Chico and the Man
was a situation comedy starring Jack Albertson as Ed Brown ("The Man"), the elderly owner of a run-down garage in an impoverished East Los Angeles barrio; and Freddie Prinze as the streetwise young mechanic Francisco "Chico" Rodriguez.
The initial premise saw Chico, a Chicano-Latino, arrive in Los Angeles looking for work and his next big break. One of his stops is at Ed's Garage, where the cranky Ed is in a foul mood and – basically wanting the world to go away – uses ethnic slurs to drive Chico away ("Go away, and take your flies with you!" was generally the most quoted one in negative reviews of the pilot). Chico leaves disappointed, but late that night, he returns and cleans the garage and moves into an old van parked in the garage. Ed grudgingly gives Chico a job, and as the series progresses, the two warm up to one another. Ed's cynical, bitter view of the world changes (he had become a virtual alcoholic upon the death of his wife several years earlier) and soon accepts Chico as a surrogate son.
Two other characters were added early: Scatman Crothers as Louie Wilson, the neighborhood garbage collector; and Della Reese as Della Rogers, the landlord. Also seen on occasion was Isaac Ruiz as Mando, one of Chico's best buddies.
Things went well for the first couple of years, but behind the scenes, things were not well for Prinze, the promising, bright, telegenetic and charismatic young comic that viewers knew. Only his close friends and his wife knew that he suffered from severe depression. Unable to cope with sudden success and the balance of fatherhood (he's the father of Freddie Prinze Jr.), he turned to drugs ... and eventually bought a gun. In January 1977, his wife of less than 15 months walked out on him, taking Freddie Jr. with him. One thing led to another, and on January 28 – just hours after taping completed on the ironically named episode "Ed Talks to God" – he pointed the gun at his head. Various stories have circulated about others who spoke with the elder Prinze in his final hours, but it is known that his business manager, Marvin "Dusty" Snyder, learned of Prinze's intentions and tried to intervene but walked in just as Prinze fired his gun. Less than 24 hours later, Prinze was dead.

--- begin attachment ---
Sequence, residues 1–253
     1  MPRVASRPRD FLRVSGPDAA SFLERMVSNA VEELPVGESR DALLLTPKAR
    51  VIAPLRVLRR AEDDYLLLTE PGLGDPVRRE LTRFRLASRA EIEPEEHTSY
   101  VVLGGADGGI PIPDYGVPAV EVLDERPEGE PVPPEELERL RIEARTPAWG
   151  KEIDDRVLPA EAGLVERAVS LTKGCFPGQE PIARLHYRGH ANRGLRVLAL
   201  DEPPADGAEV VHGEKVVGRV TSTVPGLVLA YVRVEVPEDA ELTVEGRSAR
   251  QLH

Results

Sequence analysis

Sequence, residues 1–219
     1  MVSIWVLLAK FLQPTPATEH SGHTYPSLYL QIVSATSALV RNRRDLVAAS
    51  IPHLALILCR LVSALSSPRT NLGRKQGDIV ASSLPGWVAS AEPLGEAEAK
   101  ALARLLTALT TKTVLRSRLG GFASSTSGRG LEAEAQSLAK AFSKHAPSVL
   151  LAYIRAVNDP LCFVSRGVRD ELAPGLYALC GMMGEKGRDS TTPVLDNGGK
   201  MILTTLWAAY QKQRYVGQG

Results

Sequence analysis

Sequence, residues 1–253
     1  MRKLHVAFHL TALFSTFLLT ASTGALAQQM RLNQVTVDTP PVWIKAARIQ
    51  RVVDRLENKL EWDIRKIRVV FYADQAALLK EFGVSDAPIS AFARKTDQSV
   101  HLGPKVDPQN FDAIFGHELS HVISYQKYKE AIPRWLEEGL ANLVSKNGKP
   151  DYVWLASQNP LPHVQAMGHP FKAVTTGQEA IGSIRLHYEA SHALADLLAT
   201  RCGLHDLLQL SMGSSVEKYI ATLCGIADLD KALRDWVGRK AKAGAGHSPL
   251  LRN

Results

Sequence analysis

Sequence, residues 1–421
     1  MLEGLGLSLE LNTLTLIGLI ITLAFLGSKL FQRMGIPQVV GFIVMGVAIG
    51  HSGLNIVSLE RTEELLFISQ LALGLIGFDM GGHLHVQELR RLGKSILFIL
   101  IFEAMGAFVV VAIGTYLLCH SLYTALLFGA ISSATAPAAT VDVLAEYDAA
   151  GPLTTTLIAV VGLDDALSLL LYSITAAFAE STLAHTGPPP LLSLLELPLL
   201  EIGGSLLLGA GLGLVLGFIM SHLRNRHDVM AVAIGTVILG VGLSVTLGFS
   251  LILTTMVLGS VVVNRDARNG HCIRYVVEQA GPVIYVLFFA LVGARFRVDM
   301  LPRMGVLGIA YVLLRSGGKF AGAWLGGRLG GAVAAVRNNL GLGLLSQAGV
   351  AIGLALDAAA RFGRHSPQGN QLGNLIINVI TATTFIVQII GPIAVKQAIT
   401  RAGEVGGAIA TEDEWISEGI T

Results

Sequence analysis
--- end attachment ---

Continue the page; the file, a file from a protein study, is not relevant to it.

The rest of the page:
What to do? As a stopgap measure, Prinze was written out as being "away," visiting his father in Mexico, while several scripts in stock that focused on the other characters were re-written, either removing Chico's lines or giving them to other characters. With ratings still good, it was decided to introduce a new "Chico," not an adult but a young tweener named Raul (Gabriel Melgar). Raul is a 12-year-old orphaned street urchin who stows away in the trunk of Ed's car. (Ed and Louie had gone on a fishing trip to Mexico when Raul stowed away.) Raul's circumstances are explained and Ed decides to adopt him. A few months later, Spanish-American comedienne-actress Charo joined the cast as Raul's Aunt Charo.
Toward the end of Season 4, the Tearjerker